2. Never stop looking for new ideas. We all have our opinions of the McDonald’s restaurant corporation, but you can’t deny its enormous skills at innovation. It all began when the original McDonald brothers applied assembly line methods to hamburger production, and continued when Ray Kroc bought the company and started franchising like crazy. McDonald’s also invented the drive-through restaurant, inspired when a VP visited a drive-through bank to drop off a deposit. He thought, “Why couldn’t this work for us?” and ultimately, it did.
3. Encourage diversity. You’ll have certain work slots you have to fill with whoever fits best, but typically, the greater variety of people you have on your staff, the more likely you can survive tough times and boost innovation. Mother Nature, “red in tooth and claw,” works the same way. Even within a species, individuals vary enough that when the climate or other circumstances change, some individuals can usually survive and pass on useful genes to their descendants. Those that can’t die out.
4. Push your boundaries. Even if you never completely leave your box—after all, you have to specialize in something—constantly push against its walls and redefine its limits. Nike, the shoe manufacturer, has consistently done this over the years, producing literally hundreds of different styles for every kind of foot and activity. If nothing else, this teaches you what works and what doesn’t. They’ve also come up with the inspiring “Just Do It” advertising slogan, which encourages us all to go for it and push the envelope.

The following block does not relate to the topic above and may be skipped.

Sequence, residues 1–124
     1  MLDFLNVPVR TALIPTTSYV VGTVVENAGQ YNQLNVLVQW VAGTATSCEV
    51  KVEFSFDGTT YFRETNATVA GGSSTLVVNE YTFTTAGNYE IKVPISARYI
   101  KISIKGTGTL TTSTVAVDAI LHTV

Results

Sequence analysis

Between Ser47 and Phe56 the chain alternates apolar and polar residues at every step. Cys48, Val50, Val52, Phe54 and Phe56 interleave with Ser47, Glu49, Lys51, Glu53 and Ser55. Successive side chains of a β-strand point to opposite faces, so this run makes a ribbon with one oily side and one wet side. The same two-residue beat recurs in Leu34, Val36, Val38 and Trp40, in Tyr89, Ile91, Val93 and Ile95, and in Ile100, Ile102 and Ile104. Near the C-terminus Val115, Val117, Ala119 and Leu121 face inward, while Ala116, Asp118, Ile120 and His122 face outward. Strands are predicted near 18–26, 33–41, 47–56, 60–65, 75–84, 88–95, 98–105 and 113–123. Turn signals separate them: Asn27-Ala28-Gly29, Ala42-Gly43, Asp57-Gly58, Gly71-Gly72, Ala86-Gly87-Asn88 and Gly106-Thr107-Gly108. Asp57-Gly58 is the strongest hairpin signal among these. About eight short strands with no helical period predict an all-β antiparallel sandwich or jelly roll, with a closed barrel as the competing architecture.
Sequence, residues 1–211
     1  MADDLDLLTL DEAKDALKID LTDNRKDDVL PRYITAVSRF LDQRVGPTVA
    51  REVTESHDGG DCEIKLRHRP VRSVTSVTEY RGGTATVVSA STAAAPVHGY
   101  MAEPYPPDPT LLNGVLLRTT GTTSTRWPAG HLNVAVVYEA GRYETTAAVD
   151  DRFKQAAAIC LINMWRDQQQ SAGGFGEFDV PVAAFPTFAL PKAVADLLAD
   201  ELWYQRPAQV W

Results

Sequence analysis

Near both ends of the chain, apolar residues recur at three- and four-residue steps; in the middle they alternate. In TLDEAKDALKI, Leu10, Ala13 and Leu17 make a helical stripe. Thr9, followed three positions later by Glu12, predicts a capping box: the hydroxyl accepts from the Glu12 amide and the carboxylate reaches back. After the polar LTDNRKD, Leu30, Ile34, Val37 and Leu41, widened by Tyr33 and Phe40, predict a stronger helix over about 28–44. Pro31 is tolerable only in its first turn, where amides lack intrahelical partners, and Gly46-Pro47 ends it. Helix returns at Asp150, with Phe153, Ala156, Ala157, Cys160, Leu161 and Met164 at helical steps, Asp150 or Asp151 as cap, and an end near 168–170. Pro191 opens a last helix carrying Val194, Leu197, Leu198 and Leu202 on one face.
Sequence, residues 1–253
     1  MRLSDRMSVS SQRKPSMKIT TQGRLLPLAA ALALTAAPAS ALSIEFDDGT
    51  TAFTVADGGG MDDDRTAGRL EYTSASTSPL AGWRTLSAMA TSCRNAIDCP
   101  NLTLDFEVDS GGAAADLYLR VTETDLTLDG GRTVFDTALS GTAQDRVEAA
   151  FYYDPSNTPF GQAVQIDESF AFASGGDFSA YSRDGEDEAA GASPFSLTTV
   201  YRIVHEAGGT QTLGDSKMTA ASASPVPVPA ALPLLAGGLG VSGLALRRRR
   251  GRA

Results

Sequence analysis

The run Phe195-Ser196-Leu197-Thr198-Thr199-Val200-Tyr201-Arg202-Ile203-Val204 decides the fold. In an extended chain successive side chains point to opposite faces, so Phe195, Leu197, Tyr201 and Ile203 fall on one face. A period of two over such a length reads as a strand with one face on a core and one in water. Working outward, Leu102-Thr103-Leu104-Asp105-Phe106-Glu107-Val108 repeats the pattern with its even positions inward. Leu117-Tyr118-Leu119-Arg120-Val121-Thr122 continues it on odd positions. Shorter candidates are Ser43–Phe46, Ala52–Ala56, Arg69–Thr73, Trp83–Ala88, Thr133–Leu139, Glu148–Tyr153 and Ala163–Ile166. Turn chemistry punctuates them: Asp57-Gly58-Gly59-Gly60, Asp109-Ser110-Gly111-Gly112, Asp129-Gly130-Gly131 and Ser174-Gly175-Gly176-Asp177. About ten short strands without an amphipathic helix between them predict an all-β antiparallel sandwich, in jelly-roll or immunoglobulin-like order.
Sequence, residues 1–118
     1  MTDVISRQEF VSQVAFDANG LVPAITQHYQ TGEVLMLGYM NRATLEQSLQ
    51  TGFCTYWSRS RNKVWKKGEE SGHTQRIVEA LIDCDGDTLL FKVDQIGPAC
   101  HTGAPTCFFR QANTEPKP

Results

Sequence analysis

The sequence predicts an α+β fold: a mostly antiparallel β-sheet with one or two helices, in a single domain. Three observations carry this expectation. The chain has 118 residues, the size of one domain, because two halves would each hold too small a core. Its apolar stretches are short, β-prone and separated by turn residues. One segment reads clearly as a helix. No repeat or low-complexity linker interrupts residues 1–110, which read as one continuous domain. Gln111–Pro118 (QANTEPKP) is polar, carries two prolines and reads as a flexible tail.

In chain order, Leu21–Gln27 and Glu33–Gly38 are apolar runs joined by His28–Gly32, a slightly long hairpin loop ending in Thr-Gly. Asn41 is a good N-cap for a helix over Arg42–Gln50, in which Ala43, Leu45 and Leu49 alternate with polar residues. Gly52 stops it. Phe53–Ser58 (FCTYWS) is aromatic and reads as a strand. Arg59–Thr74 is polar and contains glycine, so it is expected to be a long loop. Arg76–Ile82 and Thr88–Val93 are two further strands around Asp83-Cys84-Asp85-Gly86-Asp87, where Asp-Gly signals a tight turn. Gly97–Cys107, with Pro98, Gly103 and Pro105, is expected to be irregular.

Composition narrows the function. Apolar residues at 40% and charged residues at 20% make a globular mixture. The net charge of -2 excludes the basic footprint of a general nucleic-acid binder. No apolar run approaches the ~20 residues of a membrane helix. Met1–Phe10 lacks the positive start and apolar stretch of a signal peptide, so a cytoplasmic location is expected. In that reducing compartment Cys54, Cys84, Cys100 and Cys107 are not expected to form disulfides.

5. Focus on small changes first. If you’ve decided to break out of the box completely, then more power to you. But don’t bet the farm on one roll of the dice. Smart leaders make small tests to make sure their market—especially their core customers—approves and will follow them. When Gerber, the baby food company, tried to sell adult entrees (in baby food-style jars, no less) in the 1970s, they hit stiff resistance…and wisely gave up on the idea. Fortunately, they hadn’t overinvested in the venture, and it didn’t take long before they were back to making baby food full time. Sometimes diversifying, while logical, just doesn’t work when it steps too far beyond your typical product line.
Throwing Away the Box Altogether
I’ve written about the children’s toys Silly Putty and the Slinky before. They emerged from attempts in WW II to create an artificial rubber and a kind of shock absorber for sensitive naval instruments, respectively. Neither worked especially well for those tasks, but they did have remarkable properties. If the inventors had failed to think outside their narrow wartime uses, nothing would have become of either invention. Instead, they opened their minds to the possibilities— and made millions because of it.
You can do the same. Just consider the five tips I’ve shared here, and how they can help you emerge from your box and, ultimately, get rid of it for good.